There are lots of reasons to make your own and lots of reasons not to. If I can't buy something that meets my taste, I try to make it myself. If it is something I enjoy making, I keep on doing it, perfecting it, etc. For me it is a combination of desire and talent and sometimes price.

My husband and I make our own marmalade. I know exactly what I like in a marmalade, and commercial products don't cut it. We've been improving ours for several years, and now there is only one artisan in the area who makes a marmalade as good or better. By good or better, I simply mean the way I like it. We buy seville oranges in quantity during January and February, and make enough for the year. And it costs far less than buying good quality marmalade.

I make my own ketchup. It was an accident. I made a ketchup to use to frost a meatloaf and it was so good I decided using Heinz was pointless. Home made ketchup is not cheaper than Heinz, I don't think, but a whole nuther universe. Then there's soup stock. I'm pretty sure it costs more to make my own chicken, ham or beef stock, but it makes me happy and tastes so much better than anything I can buy. And soup is major for me.

I make those things because I love eating them and care about them. I don't make my own croissants or my own dijon mustard. Tartine Bakery in SF makes a croissant that's so good it's criminal. And then, croissants are not a staple for me. I'm very happy with Edmond Fallot mustard, and don't have the slightest desire to make an approximation. If I enjoyed making pastry or mustard perhaps it would be a different story, but there's only so much time. I'd rather make soups.

As for bread, I simply got lucky. I have a husband who likes to bake bread, and he's pretty good, although his repertoire is limited. There are so many good bakeries around here, so we supplement and get variety that way. We eat a LOT of bread. Given that a good loaf of bread is pretty pricey nowadays, I think we break even there.

#14 maggiethecat

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Posted 03 December 2010 - 05:39 PM

I'm red in the face. My source for the puff pastry recipe I prefer is from The Grand Central Baking Book, not the non-existent one from Acme. D'oh!

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#15 nickrey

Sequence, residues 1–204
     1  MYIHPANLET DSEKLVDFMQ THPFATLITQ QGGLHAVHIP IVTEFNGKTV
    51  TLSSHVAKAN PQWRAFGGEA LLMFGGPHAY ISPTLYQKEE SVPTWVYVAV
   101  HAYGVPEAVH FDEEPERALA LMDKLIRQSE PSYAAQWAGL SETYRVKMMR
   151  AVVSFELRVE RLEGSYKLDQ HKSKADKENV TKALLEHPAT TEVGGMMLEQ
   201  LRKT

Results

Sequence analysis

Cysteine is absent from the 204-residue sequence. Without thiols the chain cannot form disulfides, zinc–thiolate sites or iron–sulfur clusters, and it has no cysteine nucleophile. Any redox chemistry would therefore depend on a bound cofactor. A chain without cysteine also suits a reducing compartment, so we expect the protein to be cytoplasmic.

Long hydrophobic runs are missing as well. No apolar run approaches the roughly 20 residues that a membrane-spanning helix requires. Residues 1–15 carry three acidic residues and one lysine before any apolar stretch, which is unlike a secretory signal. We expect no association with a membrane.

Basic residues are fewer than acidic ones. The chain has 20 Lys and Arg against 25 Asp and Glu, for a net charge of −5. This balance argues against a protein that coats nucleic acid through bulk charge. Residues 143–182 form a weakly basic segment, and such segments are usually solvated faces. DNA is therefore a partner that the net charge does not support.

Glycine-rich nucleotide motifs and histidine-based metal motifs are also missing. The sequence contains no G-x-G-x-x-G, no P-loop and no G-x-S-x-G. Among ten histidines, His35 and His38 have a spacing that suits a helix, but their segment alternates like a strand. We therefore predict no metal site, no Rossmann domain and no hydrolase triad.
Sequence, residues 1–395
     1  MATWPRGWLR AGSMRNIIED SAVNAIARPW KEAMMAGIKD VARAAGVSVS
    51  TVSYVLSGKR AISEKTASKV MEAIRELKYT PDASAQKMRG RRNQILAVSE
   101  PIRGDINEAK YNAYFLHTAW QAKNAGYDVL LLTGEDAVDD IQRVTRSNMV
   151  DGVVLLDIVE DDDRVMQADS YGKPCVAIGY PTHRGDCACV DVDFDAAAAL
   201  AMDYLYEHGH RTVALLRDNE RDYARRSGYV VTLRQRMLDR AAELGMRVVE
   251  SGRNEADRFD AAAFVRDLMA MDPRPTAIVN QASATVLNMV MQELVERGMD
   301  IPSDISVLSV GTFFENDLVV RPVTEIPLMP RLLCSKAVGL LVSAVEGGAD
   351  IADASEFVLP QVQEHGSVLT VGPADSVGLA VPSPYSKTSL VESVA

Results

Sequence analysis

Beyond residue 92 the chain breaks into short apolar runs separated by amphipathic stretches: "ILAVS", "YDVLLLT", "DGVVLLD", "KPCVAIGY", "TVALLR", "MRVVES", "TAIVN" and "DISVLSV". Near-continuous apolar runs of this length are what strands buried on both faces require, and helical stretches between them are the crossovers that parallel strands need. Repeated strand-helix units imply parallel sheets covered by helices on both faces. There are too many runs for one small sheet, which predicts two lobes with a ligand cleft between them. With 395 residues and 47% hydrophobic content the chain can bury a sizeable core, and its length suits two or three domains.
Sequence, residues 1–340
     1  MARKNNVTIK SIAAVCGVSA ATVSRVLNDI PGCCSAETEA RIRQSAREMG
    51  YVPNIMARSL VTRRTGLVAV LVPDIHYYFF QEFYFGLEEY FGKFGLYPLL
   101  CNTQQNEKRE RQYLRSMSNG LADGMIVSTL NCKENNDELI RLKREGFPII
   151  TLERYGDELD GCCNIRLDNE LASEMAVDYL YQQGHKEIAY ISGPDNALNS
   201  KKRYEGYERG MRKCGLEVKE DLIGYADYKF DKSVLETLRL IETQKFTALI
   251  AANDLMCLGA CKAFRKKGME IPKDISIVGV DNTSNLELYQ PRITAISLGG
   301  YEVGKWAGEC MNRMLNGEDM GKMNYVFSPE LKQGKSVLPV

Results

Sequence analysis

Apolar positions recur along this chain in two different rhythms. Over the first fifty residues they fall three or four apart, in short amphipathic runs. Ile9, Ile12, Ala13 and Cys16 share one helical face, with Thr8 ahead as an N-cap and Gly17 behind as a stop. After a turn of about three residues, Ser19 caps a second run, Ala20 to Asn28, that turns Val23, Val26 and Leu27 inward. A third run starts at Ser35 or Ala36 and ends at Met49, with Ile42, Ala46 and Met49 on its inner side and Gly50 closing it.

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Posted 03 December 2010 - 06:29 PM

Let me see. I fairly regularly make Bacon; Pancetta; Duck Prosciutto; Chicken, duck, lamb, and fish Stock; Veal Demi-Glace; Ice-Cream; Ham; Sausages; Chopped Garlic; Ginger; Dashi Stock; Hollandaise/Bernaise; Mayonnaise; pickled vegetables; Indian-style pickles; preserved lemons and limes; duck confit; rendered duck fat (from cooking, frozen in ice cube trays for later use; pasta sauces; pastry; pizza bases; US-style barbecue sauce; curry powder; dehydrated bits and pieces; bread; harissa; fresh pasta (I do buy artisanal dried as it gives a different result and matches some sauces better); used to home-brew beer (not so much now as my place is too small); don't eat much jam but have made it...

Thinking of Cheese as next project.

Looking over list, it would be easier to say what I do buy pre-prepared: puff pastry, but after reading Maggie's description of home-made, think I'll do it myself. If I run out of something and it is out of season, I'll buy from the store and sometimes smaller producers have a better recipe than mine. Most often, however, I do prefer the taste of home-made.

Possibly it's pride of ownership that makes it better but I've had too many people saying that the home-made version is markedly different and markedly better than mass produced. I know I use premium ingredients such as organic chicken for my stocks (less the breasts which get use for other purposes) and free-range belly for my bacon so perhaps I can do things that the producers who are understandably interested in making a profit can't.

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#16 TeakettleSlim

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Posted 03 December 2010 - 06:37 PM